Some of the issue might be in the word “librarian” itself. The connotation with the word librarian is often a stuffy, shushing, gatekeeper of the books, and guardian of silent spaces. This is not the reality of most school librarians, quite the opposite in fact. Often the librarians are the ones who know (and loan out) the tech. We are constantly educating ourselves on digital tools teachers could use in the classroom, updating the technology available in our spaces, the first ones trained on new technology entering the building.

The word “librarian” doesn’t bring to mind the kind of leadership and support that most school librarians bring to their school’s culture. Personally, I prefer the title of librarian or teacher librarian rather than library media specialist because if we redefine the word, it can be more encompassing than adding descriptors to our title.


Staying literate in the digital tools offered by the district is an important part of a school librarian’s job. We are the person teachers and students come to when they have a question about how to make something happen, from picture slideshows to graphics to interactive educational presentations. All the new podcast/video/coding equipment the principal ordered has to be understood by someone. Librarians are in the perfect position to learn and educate staff and students on the new technology resources.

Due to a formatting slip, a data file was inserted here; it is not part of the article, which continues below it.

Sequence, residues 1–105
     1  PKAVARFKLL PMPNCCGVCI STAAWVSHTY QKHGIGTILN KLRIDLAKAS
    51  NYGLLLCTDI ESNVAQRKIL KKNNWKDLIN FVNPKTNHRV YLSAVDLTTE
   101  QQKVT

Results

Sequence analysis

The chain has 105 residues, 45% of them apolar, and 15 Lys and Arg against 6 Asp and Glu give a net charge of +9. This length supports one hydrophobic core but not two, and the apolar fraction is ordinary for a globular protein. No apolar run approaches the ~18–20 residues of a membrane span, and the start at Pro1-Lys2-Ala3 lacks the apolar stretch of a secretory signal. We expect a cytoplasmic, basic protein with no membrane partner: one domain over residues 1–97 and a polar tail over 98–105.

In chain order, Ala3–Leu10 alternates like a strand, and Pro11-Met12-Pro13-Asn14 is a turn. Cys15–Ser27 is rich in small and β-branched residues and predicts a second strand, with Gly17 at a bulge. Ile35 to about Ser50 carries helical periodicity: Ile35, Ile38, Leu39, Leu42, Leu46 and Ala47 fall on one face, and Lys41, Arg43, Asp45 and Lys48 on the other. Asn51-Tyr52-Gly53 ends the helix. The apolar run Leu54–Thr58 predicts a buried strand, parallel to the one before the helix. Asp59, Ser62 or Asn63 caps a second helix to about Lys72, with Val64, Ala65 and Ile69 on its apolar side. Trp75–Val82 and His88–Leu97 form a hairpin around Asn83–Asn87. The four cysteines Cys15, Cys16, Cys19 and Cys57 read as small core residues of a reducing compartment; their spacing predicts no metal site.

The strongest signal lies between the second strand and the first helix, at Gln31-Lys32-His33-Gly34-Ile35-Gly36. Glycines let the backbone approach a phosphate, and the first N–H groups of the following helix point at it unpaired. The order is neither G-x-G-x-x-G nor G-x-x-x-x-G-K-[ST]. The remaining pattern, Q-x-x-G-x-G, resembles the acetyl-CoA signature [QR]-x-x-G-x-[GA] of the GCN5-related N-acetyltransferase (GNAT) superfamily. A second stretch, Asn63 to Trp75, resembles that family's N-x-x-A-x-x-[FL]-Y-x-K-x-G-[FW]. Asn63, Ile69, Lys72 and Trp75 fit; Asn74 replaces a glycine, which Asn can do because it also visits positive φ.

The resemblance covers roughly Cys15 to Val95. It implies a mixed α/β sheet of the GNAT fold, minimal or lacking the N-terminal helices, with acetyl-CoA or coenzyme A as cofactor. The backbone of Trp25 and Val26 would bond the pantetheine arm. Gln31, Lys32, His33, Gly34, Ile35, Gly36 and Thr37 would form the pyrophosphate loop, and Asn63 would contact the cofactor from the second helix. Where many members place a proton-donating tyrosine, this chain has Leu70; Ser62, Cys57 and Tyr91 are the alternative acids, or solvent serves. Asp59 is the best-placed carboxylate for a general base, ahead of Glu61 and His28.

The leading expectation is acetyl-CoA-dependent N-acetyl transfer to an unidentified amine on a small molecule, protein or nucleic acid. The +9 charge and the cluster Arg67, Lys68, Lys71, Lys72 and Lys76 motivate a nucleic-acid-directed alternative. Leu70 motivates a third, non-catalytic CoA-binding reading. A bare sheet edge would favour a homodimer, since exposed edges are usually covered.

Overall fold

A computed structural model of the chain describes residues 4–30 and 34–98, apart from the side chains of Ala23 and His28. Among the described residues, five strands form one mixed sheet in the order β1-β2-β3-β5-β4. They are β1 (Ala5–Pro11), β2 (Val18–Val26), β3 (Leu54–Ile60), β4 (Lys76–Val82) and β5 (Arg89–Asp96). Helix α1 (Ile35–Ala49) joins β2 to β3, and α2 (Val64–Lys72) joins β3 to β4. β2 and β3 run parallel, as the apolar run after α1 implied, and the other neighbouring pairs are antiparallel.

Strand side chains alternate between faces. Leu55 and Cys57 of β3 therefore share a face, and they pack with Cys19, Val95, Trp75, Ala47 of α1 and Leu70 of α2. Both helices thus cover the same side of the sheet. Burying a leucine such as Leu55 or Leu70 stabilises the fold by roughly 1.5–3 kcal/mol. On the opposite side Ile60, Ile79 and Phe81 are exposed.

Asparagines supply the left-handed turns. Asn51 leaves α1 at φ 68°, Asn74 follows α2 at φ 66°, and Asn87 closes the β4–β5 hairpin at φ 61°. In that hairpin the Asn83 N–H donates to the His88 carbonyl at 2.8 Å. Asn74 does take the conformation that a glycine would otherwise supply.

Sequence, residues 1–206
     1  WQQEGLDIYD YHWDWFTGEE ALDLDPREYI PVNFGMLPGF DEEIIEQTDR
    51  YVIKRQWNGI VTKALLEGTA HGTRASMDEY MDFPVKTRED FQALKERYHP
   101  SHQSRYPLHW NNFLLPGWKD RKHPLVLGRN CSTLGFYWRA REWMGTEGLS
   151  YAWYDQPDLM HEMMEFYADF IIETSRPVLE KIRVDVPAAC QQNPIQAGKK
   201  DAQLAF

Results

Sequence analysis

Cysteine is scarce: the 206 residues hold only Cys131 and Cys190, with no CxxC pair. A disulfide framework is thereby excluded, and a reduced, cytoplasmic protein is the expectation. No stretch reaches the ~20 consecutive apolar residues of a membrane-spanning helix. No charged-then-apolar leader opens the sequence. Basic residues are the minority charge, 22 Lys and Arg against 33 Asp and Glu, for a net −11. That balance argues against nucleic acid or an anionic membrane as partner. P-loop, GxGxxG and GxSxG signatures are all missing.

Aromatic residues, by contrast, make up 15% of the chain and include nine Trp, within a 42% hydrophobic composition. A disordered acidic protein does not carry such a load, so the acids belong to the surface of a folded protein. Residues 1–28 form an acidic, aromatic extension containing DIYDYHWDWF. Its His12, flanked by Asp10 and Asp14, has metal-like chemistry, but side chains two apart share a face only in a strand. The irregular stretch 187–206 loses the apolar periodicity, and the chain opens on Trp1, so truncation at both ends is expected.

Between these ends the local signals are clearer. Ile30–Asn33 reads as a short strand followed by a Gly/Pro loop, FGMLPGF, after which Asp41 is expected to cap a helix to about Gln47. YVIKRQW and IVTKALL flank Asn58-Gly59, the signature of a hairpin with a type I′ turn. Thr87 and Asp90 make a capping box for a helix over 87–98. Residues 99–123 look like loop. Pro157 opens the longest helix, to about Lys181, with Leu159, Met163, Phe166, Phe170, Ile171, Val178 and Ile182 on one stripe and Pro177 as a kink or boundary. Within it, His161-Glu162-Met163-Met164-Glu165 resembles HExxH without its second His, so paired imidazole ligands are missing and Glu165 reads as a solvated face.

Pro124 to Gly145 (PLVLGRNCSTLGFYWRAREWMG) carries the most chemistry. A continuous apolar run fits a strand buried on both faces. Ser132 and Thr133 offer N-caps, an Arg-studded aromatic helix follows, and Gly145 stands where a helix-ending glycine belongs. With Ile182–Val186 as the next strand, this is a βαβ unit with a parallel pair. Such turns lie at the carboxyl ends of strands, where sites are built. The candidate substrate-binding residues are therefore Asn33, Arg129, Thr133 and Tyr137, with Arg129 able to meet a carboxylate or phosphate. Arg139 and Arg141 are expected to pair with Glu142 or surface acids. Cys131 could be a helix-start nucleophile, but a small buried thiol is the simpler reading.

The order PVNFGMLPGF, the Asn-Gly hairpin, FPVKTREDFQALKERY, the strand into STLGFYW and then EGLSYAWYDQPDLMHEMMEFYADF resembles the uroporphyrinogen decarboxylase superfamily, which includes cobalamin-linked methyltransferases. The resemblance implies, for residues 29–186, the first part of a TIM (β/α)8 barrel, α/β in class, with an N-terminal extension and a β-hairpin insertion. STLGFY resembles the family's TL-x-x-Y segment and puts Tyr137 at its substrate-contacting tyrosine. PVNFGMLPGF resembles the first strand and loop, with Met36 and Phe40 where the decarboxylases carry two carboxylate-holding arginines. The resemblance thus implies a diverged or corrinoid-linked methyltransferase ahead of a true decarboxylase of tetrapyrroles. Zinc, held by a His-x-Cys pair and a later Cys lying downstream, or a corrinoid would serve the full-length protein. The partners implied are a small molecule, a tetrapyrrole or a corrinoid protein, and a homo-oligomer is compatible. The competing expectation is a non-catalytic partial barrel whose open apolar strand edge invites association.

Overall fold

Many school libraries house makerspaces. Think 3D printers, iPads, greenscreens, robot assembly kits. It doesn’t even have to be that fancy (ahem, high dollar). Gathering items that can be repurposed, like this librarian that made a recording studio for her students out of pizza boxes.

Databases are often an untapped resource in schools for students and teachers doing research. Librarians are trained and practice using them regularly, so we can educate our students and staff on all the resources available to them. Databases have come a long way since many of the teachers have been in college, having a guide for these massive information tanks is essential.

Risk takers

Librarians aren’t bound by standardized testing expectations or pacing guides, allowing them to take risks in ways that many teachers feel like they cannot. They can start clubs or programming around interest based skills that students need in life, but the classroom hasn’t adapted yet. People go to the library to learn how to code, edit videos, to use physical manipulatives such as 3D puzzles, which help them learn basic mechanics and spatial reasoning.

Same goes for teachers. If a teacher has an idea they want to implement but are hesitant because of fears about falling behind or upcoming testing schedule, they can work with the librarians to help them execute new ideas. Librarians can have more freedom than teachers to try new lessons, ideas, or programs, making them ideal collaborators with teachers. Since we don’t have the same pressures as teachers, we often have more brain space available to generate ideas.